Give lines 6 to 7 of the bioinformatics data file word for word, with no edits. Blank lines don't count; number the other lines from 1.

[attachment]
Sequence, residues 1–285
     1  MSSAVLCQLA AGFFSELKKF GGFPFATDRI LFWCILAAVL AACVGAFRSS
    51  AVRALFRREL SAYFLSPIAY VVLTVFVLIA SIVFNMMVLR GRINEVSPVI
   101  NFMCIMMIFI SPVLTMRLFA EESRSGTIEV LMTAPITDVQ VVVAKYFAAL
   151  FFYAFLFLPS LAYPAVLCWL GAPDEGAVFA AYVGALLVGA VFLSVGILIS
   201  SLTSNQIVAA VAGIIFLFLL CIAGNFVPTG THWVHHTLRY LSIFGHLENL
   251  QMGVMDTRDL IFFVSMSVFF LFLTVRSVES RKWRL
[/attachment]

   201  SLTSNQIVAA VAGIIFLFLL CIAGNFVPTG THWVHHTLRY LSIFGHLENL
   251  QMGVMDTRDL IFFVSMSVFF LFLTVRSVES RKWRL